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What the April 2018 tax changes mean for your property

Written by: Paloma Kubiak
Keep up to date with the new rules and how they will impact the money in your pocket
What the April 2018 tax changes mean for your property

Now we are in the 2018/19 tax year, a number of key changes have taken place to existing policies while some new initiatives also come into effect.

Here’s what the changes mean for your home or rental properties:

Council Tax: Local councils in England have been given the authority to raise council tax by up to 5.99%, adding more than £100 to the average property’s bill in April.

Personal Allowance: The amount of money you can earn before you start paying income tax will rise with inflation from the current level of £11,500 to £11,850.

Higher rate threshold: For higher rate taxpayers, the threshold will rise from £45,000 to £46,350 in the new tax year. The government has already committed to raising the higher rate threshold to £50,000 by 2020.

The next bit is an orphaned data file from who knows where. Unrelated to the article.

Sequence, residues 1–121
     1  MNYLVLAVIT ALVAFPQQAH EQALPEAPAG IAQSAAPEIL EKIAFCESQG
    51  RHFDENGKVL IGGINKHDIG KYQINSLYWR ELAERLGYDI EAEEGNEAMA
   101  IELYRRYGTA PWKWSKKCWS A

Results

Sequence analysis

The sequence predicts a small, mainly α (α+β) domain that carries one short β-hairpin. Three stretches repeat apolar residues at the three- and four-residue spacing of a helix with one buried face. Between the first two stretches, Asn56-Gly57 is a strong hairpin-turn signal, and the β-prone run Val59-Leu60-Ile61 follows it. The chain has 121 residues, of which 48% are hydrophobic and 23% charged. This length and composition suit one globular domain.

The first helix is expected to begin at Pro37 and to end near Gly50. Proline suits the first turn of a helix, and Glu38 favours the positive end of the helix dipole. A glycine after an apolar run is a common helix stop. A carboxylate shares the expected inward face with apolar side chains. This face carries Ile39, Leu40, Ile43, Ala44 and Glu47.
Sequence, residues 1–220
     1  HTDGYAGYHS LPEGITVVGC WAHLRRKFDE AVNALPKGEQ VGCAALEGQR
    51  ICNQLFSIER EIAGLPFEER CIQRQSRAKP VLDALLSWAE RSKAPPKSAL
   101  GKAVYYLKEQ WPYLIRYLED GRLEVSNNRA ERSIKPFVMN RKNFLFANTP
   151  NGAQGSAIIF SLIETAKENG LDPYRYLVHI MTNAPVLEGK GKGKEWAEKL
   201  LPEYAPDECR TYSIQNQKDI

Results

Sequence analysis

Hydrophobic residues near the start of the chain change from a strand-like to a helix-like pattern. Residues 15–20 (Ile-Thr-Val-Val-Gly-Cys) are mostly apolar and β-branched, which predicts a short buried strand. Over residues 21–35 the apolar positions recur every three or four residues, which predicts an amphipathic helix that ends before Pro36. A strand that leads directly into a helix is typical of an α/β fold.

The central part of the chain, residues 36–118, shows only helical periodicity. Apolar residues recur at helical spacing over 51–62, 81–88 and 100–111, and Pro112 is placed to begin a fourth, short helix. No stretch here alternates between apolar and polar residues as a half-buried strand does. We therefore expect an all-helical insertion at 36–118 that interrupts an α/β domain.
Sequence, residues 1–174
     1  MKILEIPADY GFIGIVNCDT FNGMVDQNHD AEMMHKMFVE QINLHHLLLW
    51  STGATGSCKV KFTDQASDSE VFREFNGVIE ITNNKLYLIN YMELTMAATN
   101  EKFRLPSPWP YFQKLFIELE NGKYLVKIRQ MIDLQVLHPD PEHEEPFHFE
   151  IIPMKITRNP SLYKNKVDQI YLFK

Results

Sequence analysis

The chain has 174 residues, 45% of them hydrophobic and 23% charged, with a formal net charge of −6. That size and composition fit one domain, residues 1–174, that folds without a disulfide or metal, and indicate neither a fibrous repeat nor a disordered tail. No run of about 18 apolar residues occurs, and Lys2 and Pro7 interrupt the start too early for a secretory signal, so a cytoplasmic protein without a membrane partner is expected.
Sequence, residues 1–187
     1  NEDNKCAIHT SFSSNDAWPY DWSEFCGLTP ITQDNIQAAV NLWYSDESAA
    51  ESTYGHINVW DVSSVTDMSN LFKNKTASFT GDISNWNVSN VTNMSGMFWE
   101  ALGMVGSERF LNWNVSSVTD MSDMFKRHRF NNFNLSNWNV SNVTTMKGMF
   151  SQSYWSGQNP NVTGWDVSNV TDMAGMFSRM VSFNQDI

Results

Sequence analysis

Capital Gains Tax: CGT is charged on the profits made when certain assets are sold or transferred. If all gains in a tax year fall within the annual CGT allowance (£11,300 for 2017/18, £11,700 for 2018/19) there is no tax to pay.

Energy Performance Certificates: As of 1 April, all buildings within the scope of Minimum Energy Efficiency Standards (MEES) must have a minimum Energy Performance Certificate (EPC) rating of E, or they will be illegal to rent out. Landlords face fines of up to £4,000 if they don’t meet the grade.

Residence nil rate band: The current inheritance tax nil-rate band is £325,000 but married couples and civil partners can pass this on to the surviving spouse meaning there’s no IHT to pay on the first £650,000. But spouses also get an extra allowance – the residence nil rate band – of £125,000 in the 2018/19 tax year where a main residence is passed to a direct descendant.

Mortgage interest: Last year, landlords could deduct their full mortgage interest costs from their income when calculating their tax bill. Now, landlords are only able to offset 75% of their mortgage interest. In the 2018/19 tax year, this figure will drop to 50%.

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